Tariq Ramadan et Charlie Hebdo.
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- Mercipour ce commentaire - et en français! Je suis désolé de ne pas être d'accord. Tout ce que je sais de Tariq Ramadan (Genevois comme moi - ou Jean Ziegler), c'est que c'est un spécialiste du double langage: il y a ce qu'il dit aux Occidentaux, et ce qu'il dit aux musulmans... J'espère que tu as lu l'article que je signalais (qui est disponible en anglais).Jan 12, 2015
- I do not in any way condone Islamist violence and I am committed to using any knowledge I have to help in the work to stop it, but picking on the wrong target does not help. I have read the article, in both languages, and I cannot see anything there to make me change my mind. There is nothing offensive or inappropriate about describing the Charlie cartoons as the 'humour of cowards' and as a commercial product made for profit. It may not be fair or true in this particular case, but it is true of a great deal of so-called satire in the modern world. You cannot expect any believing Muslim not to be offended by cartoons of the Prophet. You can only expect them not to express their offence violently. So I agree that the loose language about 'violence will be the price' is unacceptable.Most of this type of language is mere rhetoric, but when some Islamists are prepared to take it literally, it should be avoided. I am still though sure that Ramadan himself would never use that type of language, if only because he is very skilled in conciliating the West, as you say. I find it very difficult to believe that he is really playing the type of highly sophisticated double game that you claim, as his works are all read by both Muslims and non-Muslims, he is not writing for two audiences. Some Muslim thinkers who also write in Arabic definitely are saying different things to the West. Ramadan is now at Oxford, where they are knowledgeable about these things and they read many languages, and I am certain that he would not be so well regarded there or his appointment there accepted without protest if he had ever said anything that clearly promoted violence. I have heard his work discussed by many people active in Islamic and Middle East studies and I have never heard him described as anything but a moderate and a conciliator. The US State Dept have the same concept of him as you do, because they once refused him a visa, and my research network sent a letter of protest to the US embassy about it. But then the US State Dept is notorious for its inability to distinguish who the really threatening people are. As for Qaradawi, he is considered a moderate in his interpretation of Islamic law in many areas - notably in finance where I have most knowledge. He worries the West politically but his anti-Israel views are of course mainstream among most Muslims, it's just that he is famous enough for the West to take notice of them.Jan 13, 2015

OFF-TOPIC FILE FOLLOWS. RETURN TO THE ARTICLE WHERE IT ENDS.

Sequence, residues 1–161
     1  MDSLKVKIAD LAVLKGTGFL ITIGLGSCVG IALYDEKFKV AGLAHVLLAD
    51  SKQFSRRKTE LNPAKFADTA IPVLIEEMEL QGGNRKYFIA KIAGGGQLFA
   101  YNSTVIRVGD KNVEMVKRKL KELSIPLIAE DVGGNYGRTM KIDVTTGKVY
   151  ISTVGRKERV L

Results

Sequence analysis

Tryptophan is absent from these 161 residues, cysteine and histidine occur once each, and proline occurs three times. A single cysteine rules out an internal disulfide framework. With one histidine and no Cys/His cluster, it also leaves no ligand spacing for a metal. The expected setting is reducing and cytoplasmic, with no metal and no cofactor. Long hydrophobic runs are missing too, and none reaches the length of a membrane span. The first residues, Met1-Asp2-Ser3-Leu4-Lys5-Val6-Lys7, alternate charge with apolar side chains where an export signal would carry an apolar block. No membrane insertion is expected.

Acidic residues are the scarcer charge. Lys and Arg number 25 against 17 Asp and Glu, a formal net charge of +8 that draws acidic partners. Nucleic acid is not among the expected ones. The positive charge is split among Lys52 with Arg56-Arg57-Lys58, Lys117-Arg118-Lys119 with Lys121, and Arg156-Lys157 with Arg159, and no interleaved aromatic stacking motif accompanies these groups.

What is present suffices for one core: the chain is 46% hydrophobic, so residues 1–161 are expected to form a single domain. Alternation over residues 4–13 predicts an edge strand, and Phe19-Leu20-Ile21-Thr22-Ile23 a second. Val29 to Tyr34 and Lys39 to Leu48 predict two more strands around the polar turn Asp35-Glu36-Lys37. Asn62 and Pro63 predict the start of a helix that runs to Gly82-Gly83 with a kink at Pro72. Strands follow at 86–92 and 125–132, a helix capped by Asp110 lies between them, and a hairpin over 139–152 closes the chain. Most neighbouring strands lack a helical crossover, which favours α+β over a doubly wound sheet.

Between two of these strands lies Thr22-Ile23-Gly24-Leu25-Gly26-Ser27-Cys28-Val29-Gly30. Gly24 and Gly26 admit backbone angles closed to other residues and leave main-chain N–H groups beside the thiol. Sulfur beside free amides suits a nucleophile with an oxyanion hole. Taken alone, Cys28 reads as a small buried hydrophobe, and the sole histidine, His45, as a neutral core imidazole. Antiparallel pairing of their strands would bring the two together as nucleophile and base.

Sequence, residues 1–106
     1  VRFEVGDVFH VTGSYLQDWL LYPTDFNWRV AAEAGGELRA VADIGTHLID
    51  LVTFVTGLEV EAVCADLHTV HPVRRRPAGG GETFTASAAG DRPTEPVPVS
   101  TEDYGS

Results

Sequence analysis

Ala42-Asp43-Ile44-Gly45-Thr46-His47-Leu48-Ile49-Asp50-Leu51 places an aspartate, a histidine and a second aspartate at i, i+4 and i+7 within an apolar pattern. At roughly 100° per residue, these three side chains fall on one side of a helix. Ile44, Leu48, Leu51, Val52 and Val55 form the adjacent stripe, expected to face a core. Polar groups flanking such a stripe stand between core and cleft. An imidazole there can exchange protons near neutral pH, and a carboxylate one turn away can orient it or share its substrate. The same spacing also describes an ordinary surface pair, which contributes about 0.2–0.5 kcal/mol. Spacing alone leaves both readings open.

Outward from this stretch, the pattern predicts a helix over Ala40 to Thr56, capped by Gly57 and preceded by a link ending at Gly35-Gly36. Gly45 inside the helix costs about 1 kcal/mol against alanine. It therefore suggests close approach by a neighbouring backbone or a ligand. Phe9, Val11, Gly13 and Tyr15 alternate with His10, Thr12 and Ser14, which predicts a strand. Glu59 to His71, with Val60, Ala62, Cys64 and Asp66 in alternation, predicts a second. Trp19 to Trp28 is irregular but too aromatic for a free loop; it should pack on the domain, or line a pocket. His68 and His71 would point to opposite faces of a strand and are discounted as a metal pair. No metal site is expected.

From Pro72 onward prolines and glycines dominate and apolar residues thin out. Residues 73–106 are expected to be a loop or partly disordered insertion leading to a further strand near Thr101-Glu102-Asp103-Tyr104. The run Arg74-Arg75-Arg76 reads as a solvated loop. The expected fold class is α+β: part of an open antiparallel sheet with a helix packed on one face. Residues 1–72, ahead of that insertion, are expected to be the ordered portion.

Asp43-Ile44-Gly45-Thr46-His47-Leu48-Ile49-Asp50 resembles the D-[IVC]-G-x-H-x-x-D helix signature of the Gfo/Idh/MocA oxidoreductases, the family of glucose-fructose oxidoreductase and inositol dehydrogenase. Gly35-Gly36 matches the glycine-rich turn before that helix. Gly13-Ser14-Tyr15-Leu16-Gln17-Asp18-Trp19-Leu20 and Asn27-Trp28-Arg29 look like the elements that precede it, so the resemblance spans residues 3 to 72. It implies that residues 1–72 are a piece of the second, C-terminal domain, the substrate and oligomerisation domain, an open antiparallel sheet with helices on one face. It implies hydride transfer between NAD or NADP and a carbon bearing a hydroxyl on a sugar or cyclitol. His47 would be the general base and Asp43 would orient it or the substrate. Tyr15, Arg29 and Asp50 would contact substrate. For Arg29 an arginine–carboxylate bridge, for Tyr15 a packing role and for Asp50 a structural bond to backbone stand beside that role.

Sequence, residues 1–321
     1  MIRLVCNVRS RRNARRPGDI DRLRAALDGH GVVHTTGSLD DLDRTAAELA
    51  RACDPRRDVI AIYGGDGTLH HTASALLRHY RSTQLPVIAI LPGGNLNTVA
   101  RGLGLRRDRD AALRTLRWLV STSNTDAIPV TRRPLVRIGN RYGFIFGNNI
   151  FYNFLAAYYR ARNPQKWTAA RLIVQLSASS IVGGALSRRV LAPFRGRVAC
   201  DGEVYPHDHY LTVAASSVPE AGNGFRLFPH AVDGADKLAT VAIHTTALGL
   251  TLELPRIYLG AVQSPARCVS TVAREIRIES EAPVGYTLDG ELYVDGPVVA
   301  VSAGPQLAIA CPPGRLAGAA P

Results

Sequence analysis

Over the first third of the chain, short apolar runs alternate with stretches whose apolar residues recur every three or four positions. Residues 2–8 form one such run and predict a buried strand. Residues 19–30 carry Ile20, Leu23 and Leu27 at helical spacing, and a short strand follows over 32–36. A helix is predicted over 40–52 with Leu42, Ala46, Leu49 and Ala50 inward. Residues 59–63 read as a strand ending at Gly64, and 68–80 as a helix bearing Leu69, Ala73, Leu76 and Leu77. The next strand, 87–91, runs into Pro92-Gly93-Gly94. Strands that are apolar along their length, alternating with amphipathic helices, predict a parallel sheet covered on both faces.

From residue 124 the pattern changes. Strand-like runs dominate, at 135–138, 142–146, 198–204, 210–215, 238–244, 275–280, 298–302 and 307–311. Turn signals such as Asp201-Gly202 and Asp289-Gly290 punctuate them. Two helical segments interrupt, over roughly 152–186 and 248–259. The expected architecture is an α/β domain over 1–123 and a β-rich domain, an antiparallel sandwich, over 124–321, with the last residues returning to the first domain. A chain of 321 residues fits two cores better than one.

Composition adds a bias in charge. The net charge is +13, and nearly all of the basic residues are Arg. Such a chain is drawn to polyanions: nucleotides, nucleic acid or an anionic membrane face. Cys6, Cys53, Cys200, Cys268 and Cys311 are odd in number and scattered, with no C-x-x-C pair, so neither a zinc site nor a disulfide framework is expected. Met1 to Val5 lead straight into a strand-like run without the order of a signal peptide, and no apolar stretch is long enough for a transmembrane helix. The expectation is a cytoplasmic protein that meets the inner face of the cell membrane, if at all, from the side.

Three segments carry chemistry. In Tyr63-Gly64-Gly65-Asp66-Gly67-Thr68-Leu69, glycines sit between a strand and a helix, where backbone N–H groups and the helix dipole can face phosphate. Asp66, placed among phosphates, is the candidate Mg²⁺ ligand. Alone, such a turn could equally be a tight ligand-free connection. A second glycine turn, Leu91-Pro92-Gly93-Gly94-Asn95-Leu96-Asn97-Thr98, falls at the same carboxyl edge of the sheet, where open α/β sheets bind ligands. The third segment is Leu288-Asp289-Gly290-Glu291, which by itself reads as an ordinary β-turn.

- We will have to agree to disagree on this one,...
Partly, our outlook is different: yours is academic and cultural, mine purely political. I agree there are many worse exponents of Islam. But I have a special interest in Tariq as he is like me a citizen of Geneva - where he succeeeded in calling for an anti-Islam play by Voltaire to be deprogrammed in 1993 (fittingly, the play went to Ferney-Voltaire). I'm not a woman, but I don't think we should take lightly his views on them even if they are standard or even enlightened in some parts of the world. Same for stoning and other corporal punishment, gays and Israel and the Jews. And the way he treated Caroline Fourest who wrote a critical book about him is despicable.
On the polemic about Tariq and Charlie in Switzerland, see also http://goo.gl/ULyb2b and the other article mentionned.Jan 14, 2015
- Can you give me further details about the book by Caroline Fourest? This has probably happened more recently than the time I was actively reading his work, though I do have a very faint recollection of some controversy over a book about him. I think I may have to turn to email for my more personal thoughts on these matters.Jan 14, 2015
- Jan 14, 2015
- Jan 14, 2015